Roy Anthony Shabla was elsewhere. But Eric Lawson was very much there. Dude, Eric Lawson got there at, like, Tuesday o’clock in October, he got there so early. Also there were host John Brantingham, his super wife Ann, lLöyd Aquiño™, Michaelsun Knapp, Michael Torres, Natalie Morales, Alexander Vogel, Luke Salazar, Marta Chausée, Kevin Ridgeway, Jason Brolliar, and John’s former RA Deron Grams, from England back in 1991. I don’t know how they found that last guy.
- Michaelsun started the open reading with a poem about his Irish or Irish-American grandmother. I forgot to pay close attention when he mentioned the title, so I just wrote down “[something something] Wild Irish Rose.” The poem involved Mikey periodically singing. He also read “Cartographer.”
- Alexander Vogel Alexander-Vogeled an Alexander Vogel from an Alexander Vogel of Alexander Vogels: “#12.” It was Alexandervogelacious. He also read “Hardcover Paperback” and Gordon Lish’s “How to Write a Poem.”
- I read “Operation: Overshare” and “Amity,” receiving a healthy response.
- Luke Salazar began with a poem I think is titled “Trash Digger.” Then came “To the Curb” and “Word for Windows Saved My Life.”
- After a brief announcement by John Brantingham about the upcoming (February 2013) San Gabriel Valley Literary Festival in West Covina and its audio-chapbook fundraiser, lLöyd Aquiño™ read one of his favorite poems that he hasn’t published, “A Boy Imagines Himself.” The Valentine’s Day-themed “Candy-Coated Hate” and “Solitary Dance” followed.
- Eric Lawson read “Residual Breeze from a Passing 747,”“Stunt Buffalo,” and “Hot Mess in a Cow Costume,” a true story about a very drunk woman in a cow costume.
- Kevin Ridgeway read “Comparing Imaginary Hit Men,” a poem from his new chapbook Burn Through Today. He also read “Sunday School Blues” and “Creepy Dolls.”
- Denise Weuve read “Chiwa Master the Palm Reader” (I hope I got the title right.), “Little Fifteen,” and “Iscariot.”
- Michael Torres read “The Coltrain” and “Remember Me Like This.” He had copies of his chapbook to sell, too.
- Natalie Morales read “My Mother’s Advice” and a poem describing a song she’d heard.
Adrienne Silva was the first feature. It was her first time as a featured reader and she acquitted herself quite well, despite the anxiety. Her set went as follows:
- “White Boi.”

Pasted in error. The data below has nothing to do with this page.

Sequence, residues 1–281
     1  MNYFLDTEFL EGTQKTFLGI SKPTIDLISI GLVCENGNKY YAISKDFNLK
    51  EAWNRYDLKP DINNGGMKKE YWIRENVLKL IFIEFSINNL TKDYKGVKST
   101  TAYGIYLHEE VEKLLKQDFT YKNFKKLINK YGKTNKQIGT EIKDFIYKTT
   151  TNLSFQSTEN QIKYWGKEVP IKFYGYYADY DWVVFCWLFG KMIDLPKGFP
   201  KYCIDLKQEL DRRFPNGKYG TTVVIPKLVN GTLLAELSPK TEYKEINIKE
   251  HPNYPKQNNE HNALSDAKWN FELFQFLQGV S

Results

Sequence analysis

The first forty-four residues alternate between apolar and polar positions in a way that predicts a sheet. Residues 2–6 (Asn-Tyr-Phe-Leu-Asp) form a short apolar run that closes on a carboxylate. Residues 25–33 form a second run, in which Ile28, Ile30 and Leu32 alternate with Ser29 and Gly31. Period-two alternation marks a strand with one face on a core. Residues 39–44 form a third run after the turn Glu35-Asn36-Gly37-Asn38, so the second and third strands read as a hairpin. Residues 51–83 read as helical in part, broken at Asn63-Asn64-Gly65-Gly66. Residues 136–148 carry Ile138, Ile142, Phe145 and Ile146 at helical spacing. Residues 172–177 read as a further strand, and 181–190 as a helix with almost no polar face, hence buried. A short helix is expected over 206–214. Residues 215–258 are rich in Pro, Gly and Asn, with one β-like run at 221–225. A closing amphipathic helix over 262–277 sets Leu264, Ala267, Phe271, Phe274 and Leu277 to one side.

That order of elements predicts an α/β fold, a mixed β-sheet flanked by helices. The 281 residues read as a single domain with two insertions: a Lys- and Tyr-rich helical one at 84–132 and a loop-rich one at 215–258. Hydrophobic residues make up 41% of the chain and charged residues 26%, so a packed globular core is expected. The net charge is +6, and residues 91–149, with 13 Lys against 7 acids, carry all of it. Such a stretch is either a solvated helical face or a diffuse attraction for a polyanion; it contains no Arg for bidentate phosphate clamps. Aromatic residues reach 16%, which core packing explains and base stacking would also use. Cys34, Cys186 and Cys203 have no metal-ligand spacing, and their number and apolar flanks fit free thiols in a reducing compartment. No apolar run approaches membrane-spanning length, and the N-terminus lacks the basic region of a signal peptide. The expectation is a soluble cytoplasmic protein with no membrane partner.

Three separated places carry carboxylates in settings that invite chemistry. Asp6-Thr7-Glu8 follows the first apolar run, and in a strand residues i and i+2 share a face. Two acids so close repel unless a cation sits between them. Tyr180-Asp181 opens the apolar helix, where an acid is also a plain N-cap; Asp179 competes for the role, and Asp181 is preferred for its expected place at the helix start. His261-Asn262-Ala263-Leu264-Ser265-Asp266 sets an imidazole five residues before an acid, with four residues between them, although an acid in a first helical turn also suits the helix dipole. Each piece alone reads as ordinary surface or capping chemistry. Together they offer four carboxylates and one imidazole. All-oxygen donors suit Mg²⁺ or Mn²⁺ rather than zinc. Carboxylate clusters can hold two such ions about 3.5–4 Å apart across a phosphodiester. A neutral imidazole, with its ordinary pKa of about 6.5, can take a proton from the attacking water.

- “A Slice of You.”
- “Broken Neck”
- “Paint,” which she dedicated to Mikey and lLöyd
- “If There’s Any Love in Me, Don’t Let It Show,” titled after lyrics from Noah and the Whale’s “Shape of My Heart”
- a piece that began “No man can serve two masters…” and was based on something her father tried to teach her
- a fifth-grade journal excerpt
- another fifth-grade journal excerpt
- “At the House of Plenty”
- a song, complete with guitar: “Sixteen to Nineteen”
Next up was G. Murray Thomas, whose first feature it was not. His set had a very cool feel-good energy augmented by haiku scrumptious lysergic acid (in the poems, not the poet):
- “My Typewriter Has Not Healed Yet,” inspired by a conversation about a tattoo
- “Life Is So Much Easier Now That I No Longer Know Everything”
- “Prejudice,” inspired by a true story about an open-mic he attended
- a piece that begins “In India, drunken monkeys have taken over an old plantation…”
- Someone next to me uttered something, so I missed hearing its title, but the next piece was about a trip Murray took twenty years ago.
- “Coyote on Acid” for his friend John Gardiner
- his friend Tom Foster’s “Why I Don’t Take Acid Anymore”
- “Butterflies and Bridges” about quantum mechanics, and probably acid
- “Dolls on Drugs,” definitely about acid
- a poem about recycling”
- “The Last Call Haiku”
- “The Morning After”
After the reading came the nominations for next month’s feature. Various people spoke up for lLöyd, Luke, and me. But I just featured last month and didn’t want to be greedy, so I demurred. Natalie Morales then became the third nominee. During a grueling session of rock-paper-scissors, lLöyd took out his competition and won the crown for March. Le roi est mort; vive le roi!